Joe Gibbs calls Keselowski’s Toyota sandbagging comments "comical" – Motorsport.com, Edition: Global
Back in the day, it wasn’t unusual to see a parade of manufacturer representatives marching into the NASCAR hauler lobbying for a little something extra.
Perhaps, a request for an aerodynamic change, maybe a touch more horsepower under the hood — anything for an advantage.
Michigan International Speedway — one of the sport’s highest-speed tracks — was an ideal testing ground for teams to show off its latest and greatest cars. Not surprisingly, MIS would also mark that time on the calendar when NASCAR would pull out the engine dyno and run the best cars from every make and compare notes.
The tools for assessing the race cars have become more sophisticated than simply rolling out a dyno at the race track. And NASCAR routinely takes cars each week from each make — along with a random car — in an attempt to maintain parity.
What Brad said
But when Brad Keselowski suggested during his post-qualifying interview on Friday that the sanctioning body would conduct an in-depth inspection of the current top cars, the concept wasn’t so farfetched.
“About this time every year NASCAR takes all the cars to kind of check to make sure that the competitive balance is where they want it to be, and I think we’ve seen the last two or three weeks that the Toyota cars are pretty dominant,” Keselowski said. “We had a strong suspicion that those guys would kind of tune it down this weekend, so not to post a pretty big number in inspection that maybe balanced back out the competition, and potentially that’s right because our team hasn’t done much differently and those guys are just not as fast as they’ve been the last few weeks. So we’ll know for certain at the end of the week based on whether NASCAR takes the cars after the race today.
“This is their last opportunity on a track that has the potential to showcase the important things for speed in the chase, which is aerodynamics and horsepower, because the chase is predominantly on tracks of mile-and-a-half or similar high-speed nature to this. So this is kind of the last opportunity for NASCAR to do that, so we came into the weekend thinking that some of those really strong cars would tune it down and knowing that we probably were pretty close to what we had the last few weeks. I’m not sure if that’s what happened, but it kind of looks that way at the moment, but we’ll still take what we can get.”
Toyota Racing Development NASCAR boss Dave Wilson was flattered by Keselowski’s remarks. But he assures the former champion that TRD will not be sandbagging at Michigan this weekend — or at any other track down the road.
“We all acknowledge there are politics in this sport, but this isn’t the ‘80s or ‘90s where NASCAR would make what I call, ‘BOP’ — Balance of Performance — or changes on the fly,” Wilson told Motorsport.com. “‘Let’s give Pontiac another half-inch.’ Everyone would line up behind the hauler. That predates Toyota’s involvement. That’s part of the old sport. Those days are over and we all have the same rulebook to operate in — and that’s understood.
“But the notion that we would not give it our all it patently false. We brought our very best stuff. I’m pissed off that we have five poles in a row going. That’s the longest streak that we’ve ever had as a manufacturer. And I wanted to keep it go. The Ford guys are always good here, but I think we’ll be ok here. In the spring here, as a manufacturer we led the most laps between Kyle (Busch) and Martin Truex Jr. They led 102 laps. Obviously, Kyle (Larson) led the most as a driver, but it’s not like we weren’t a factor.”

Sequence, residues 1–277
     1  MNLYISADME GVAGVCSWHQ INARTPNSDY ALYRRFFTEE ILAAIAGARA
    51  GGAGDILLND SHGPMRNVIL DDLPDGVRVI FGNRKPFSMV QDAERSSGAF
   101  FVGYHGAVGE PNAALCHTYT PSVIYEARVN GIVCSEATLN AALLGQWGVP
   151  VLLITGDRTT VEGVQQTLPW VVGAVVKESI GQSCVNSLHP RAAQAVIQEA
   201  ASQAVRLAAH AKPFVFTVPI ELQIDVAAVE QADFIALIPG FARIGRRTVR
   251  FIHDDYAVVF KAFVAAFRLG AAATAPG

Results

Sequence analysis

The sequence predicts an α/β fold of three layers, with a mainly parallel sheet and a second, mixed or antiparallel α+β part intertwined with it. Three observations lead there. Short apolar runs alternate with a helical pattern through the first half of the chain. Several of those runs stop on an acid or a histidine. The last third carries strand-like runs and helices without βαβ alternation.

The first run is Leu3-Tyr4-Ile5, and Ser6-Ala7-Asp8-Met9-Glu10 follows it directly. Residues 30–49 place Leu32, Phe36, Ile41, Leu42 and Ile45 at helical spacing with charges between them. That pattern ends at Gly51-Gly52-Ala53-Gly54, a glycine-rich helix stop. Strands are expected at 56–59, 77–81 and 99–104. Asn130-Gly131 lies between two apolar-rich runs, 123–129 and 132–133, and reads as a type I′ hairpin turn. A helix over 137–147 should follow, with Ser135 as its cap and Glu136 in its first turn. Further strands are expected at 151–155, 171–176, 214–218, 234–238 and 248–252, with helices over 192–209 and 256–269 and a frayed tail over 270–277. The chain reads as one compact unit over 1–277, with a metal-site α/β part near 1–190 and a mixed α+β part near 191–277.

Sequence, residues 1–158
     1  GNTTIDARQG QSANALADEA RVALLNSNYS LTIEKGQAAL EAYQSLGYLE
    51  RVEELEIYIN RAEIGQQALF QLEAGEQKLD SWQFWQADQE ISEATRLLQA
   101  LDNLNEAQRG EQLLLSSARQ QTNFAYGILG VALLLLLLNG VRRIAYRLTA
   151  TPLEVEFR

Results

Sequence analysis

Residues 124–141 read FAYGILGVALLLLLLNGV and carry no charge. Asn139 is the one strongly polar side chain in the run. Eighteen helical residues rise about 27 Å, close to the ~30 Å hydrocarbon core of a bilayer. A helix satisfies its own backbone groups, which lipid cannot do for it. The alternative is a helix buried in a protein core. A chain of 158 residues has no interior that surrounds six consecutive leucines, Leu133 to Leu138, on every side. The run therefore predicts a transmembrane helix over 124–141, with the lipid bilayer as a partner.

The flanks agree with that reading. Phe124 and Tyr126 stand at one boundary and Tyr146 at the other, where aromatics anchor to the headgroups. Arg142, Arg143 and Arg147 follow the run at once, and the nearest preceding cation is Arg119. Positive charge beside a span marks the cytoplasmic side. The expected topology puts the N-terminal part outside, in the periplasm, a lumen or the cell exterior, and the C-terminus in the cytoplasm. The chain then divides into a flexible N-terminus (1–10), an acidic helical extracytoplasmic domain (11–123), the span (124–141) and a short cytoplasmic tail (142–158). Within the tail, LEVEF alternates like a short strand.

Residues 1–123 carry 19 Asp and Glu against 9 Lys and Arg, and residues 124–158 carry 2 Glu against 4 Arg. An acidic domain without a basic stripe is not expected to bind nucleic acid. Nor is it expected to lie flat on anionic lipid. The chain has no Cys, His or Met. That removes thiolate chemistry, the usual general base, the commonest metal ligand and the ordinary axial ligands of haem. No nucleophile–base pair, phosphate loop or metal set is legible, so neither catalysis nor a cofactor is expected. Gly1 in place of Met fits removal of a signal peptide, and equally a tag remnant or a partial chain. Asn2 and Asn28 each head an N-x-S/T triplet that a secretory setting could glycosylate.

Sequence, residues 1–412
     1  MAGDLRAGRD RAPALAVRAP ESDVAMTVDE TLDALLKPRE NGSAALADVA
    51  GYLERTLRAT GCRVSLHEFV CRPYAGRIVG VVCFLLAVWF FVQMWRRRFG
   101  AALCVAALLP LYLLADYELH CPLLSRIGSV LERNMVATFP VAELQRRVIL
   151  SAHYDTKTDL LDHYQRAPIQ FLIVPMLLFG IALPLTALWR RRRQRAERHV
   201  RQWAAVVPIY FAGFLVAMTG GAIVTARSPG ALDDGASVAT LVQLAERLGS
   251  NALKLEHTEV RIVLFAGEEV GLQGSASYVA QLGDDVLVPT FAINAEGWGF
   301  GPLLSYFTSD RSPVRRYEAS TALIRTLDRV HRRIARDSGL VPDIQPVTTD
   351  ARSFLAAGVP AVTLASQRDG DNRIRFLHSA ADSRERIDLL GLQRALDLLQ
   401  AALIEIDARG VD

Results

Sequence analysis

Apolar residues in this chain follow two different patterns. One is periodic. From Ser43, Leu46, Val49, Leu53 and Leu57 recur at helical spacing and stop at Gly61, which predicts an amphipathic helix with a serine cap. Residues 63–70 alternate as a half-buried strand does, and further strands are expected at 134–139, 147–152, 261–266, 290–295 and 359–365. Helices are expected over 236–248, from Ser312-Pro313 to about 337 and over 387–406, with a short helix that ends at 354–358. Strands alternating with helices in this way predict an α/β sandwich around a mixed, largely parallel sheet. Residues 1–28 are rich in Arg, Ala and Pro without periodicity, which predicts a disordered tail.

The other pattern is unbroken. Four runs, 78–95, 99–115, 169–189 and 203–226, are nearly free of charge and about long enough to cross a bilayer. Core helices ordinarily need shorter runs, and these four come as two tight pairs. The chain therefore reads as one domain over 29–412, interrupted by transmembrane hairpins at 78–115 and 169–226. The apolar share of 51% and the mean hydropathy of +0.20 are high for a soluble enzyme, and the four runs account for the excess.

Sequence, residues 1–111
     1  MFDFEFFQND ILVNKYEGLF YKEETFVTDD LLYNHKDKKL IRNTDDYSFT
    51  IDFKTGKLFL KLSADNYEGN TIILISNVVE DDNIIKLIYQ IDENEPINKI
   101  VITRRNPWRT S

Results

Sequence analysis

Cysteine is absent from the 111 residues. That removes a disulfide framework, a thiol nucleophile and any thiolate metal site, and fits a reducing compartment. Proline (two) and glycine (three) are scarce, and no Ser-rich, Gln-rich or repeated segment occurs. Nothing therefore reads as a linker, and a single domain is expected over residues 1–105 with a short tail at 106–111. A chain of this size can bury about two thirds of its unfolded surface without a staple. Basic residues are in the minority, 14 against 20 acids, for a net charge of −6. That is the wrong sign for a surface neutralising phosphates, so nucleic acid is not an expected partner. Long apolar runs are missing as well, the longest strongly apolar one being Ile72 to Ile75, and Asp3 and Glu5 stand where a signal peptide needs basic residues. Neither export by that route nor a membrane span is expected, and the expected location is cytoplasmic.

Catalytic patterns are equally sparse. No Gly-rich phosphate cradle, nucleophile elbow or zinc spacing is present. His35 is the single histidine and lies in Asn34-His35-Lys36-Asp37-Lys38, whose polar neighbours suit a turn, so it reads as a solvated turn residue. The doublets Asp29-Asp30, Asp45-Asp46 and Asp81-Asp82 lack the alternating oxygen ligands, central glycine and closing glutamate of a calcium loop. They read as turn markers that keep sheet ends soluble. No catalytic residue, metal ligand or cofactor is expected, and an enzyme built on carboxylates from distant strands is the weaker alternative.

On Sunday, three Fords will start out front for the Pure Michigan 400. Keselowski will lead the field followed by his Penske teammate Joey Logano and Stewart-Haas Racing’s Kevin Harvick. Following the Fords are two Toyotas — Matt Kenseth (fourth) and Kyle Busch (sixth) and the Chevys of Chase Elliott (fifth) and Jamie McMurray (seventh).
Joe Gibbs, who has won three of the last four races chuckled when asked about Keselowski’s suggestion that the Toyotas were laying back.
“That’s comical,” Gibbs said. “That’s a better way of putting it. That’s a joke. I think we’re working as hard as we can. Our races for Toyota have been good — for our race team, it hasn’t been.”
The shining star in the Toyota camp has been points leader Truex, who boasts a tour-high four wins, 1,315 laps led and a whopping 34 playoff points as the only driver with double digit (14) stage wins.
A crew chief’s take
Cole Pearn, crew chief for Truex, called Keselowski’s comments “ridiculous.”
“Yeah, that’s ridiculous, this is my home race,” said the 34-year-old Strathroy-Caradoc, Ontario native with a laugh. “I want to win here as much as any week. We bring everything we got every week. I can’t understand his logic.”
Pearn does believe he has an advantage over his fellow TRD teammates at Joe Gibbs Racing because the onus is on them to develop the chassis and other pieces as well as provide the pit crews for the Nos. 77 and 78 Furniture Row Racing teams. But with the FRR teams based in Denver, there are times he feels logistically challenged.
“We would be way worse without it,” Pearn added. “But it’s still hard being in Colorado and all that. It’s easier and quicker to respond at times than it is for us. A lot of times, we have to load weeks before they do. But we do the best we can out of it.”